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Weaker Pula boosts profits

Furnmart Limited’s interim results for the current year have shown marked improvement in profitability following the furniture retailer’s decision to close its Zambian operations in the previous year. The half year results were boosted by the weakening pula against the rand.


“This performance must be seen against the backdrop of a difficult trading environment. Lower economic growth, higher prices driven by currency weakness, high levels of consumer indebtedness and unemployment, rising food inflation and the drought in the region, have all contributed to this unsatisfactory performance. Furthermore, our main regional competitors have rationalised their positions in South Africa and are expanding into Botswana and Namibia,” this was revealed in a statement signed by Furnmart chairman, John Tobias Mynhard, and Daniel le Roux, the group’s managing director.


In the latest figures, the group’s revenue slightly increased by 0.3 percent to P624 million following lower trading volumes. On the other hand, operating income decreased by 25.8 percent to P55.8 million. The group says this mainly due to the winding down sales of the Zambian operations as well as strong competition in the region. Furthermore, the operating income was also dragged down by higher operating expenses and lower finance income earned.


While the Group’s operating profit is 32.5 percent lower than the 2016 interim results, Furnmart managed to post profit before tax of P41 million, up by more than 500 percent. The growth in profit before tax was largely in part to the weaker pula against other currencies where Furnmart operates. “The exchange gain of P6.4m is substantially better than last year’s exchange loss of P45.2m. This gain was the result of the weakening of the Pula against the Group’s other functional currencies,” the group said in a statement.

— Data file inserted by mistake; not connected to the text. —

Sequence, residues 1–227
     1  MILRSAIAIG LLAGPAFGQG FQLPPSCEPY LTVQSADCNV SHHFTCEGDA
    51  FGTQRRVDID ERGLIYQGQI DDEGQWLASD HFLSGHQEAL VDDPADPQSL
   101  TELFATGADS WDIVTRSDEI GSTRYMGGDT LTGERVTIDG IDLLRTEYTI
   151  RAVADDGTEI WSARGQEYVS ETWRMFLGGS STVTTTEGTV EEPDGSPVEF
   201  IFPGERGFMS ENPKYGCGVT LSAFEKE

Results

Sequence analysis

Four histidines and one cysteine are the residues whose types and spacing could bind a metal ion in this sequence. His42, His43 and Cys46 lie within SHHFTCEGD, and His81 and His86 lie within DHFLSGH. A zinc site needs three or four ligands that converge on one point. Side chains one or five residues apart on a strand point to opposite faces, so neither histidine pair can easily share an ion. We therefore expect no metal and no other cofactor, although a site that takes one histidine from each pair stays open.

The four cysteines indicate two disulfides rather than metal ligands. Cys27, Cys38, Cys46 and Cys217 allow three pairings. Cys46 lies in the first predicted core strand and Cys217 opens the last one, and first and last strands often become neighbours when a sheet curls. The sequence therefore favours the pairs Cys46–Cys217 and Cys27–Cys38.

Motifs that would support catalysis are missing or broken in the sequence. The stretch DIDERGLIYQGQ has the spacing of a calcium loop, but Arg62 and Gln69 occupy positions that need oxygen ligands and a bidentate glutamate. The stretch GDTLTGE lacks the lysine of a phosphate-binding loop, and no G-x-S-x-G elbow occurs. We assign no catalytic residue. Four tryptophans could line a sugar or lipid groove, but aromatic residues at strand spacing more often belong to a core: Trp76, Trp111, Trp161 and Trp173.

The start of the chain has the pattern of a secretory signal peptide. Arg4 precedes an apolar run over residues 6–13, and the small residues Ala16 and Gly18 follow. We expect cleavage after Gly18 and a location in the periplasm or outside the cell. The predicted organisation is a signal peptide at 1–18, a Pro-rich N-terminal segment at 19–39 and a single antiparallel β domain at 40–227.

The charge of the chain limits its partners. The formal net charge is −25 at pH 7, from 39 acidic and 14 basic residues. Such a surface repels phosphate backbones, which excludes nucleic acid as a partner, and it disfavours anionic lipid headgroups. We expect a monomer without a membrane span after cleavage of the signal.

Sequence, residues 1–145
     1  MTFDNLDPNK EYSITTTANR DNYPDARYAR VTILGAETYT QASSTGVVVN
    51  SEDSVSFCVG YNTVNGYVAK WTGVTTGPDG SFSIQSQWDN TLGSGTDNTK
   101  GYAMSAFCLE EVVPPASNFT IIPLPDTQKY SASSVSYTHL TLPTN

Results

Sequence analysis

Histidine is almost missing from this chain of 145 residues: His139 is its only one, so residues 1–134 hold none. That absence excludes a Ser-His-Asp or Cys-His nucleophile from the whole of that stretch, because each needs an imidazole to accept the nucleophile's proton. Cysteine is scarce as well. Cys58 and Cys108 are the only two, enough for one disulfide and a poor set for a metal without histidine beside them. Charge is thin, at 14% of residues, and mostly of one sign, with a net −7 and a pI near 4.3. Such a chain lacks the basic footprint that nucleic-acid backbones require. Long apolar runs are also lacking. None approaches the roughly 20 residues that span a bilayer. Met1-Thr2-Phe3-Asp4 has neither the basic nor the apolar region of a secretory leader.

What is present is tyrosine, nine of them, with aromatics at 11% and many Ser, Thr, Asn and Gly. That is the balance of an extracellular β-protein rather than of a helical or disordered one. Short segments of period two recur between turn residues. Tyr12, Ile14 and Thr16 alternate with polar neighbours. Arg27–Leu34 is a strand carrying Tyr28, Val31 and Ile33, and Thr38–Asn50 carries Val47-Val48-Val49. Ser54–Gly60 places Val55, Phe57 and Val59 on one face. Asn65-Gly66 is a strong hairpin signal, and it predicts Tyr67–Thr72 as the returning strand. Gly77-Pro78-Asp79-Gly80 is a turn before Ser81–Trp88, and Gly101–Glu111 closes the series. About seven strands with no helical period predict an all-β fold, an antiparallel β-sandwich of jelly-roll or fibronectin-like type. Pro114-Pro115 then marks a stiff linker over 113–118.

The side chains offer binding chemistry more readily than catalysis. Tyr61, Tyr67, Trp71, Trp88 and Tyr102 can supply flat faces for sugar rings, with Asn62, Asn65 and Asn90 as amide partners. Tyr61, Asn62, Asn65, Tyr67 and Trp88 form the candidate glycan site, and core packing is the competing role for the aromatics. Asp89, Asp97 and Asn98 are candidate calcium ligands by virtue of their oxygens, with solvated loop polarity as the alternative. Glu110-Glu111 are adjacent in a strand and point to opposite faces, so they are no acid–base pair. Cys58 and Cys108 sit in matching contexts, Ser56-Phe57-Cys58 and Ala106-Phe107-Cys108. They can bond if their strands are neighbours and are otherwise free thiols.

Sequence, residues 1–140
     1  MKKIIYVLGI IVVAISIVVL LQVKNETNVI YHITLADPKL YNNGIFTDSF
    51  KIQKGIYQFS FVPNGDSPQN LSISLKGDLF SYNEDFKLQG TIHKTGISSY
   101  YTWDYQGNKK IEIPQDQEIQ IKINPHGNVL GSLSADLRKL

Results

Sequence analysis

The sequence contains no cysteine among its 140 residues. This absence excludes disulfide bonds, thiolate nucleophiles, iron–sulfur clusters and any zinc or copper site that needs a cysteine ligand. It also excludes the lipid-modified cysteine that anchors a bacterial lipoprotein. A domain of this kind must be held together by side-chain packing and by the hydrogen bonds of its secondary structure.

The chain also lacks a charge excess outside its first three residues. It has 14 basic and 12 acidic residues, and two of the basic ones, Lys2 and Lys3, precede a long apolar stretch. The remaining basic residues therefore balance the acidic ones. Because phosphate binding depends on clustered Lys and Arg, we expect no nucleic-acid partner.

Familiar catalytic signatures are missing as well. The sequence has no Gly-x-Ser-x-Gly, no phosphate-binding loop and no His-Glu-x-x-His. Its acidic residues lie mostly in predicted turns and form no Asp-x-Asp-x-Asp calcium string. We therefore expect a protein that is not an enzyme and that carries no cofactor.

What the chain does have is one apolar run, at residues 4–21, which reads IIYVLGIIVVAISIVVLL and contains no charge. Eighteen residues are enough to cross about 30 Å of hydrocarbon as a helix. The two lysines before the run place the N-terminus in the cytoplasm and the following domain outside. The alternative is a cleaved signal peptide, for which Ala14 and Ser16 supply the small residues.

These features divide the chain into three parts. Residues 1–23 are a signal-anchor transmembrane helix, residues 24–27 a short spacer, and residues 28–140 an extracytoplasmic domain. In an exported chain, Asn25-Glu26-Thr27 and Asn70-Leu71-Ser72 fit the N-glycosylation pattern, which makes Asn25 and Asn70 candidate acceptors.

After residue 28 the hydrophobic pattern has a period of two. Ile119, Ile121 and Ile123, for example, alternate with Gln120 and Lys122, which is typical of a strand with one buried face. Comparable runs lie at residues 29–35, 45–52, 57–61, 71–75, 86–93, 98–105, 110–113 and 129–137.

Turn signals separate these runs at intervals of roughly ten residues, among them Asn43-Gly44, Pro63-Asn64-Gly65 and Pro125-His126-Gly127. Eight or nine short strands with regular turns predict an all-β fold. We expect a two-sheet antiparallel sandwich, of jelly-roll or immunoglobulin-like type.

The group’s profit after tax for the current interim results is at P23.7 million, a major improvement from the P4.4 million recorded in the 2016 interim results. The group’s profitability in the past has been negatively impacted by currency fluctuations, forcing Furnmart to exit the Zambian market. In 2015, the Zambian economy was under pressure due to the fall in copper prices, leading to the weakness of the Kwacha currency. This resulted in currency exchange losses when translating currency to the stronger Pula which is the functional currency at group level.


Furnmart management, startled by the interim loss and the pressures from tough trading conditions, decided to take active measures in late 2016 to turn around the struggling business. Part of the measures involved closing down loss-making branches while non-performing stores were to be subjected to a turn-around strategy. Furnmart commenced the winding up of the Zambian operations on the 1st of November 2016, with the management confident that these measures will have a positive impact on future profitability of the group.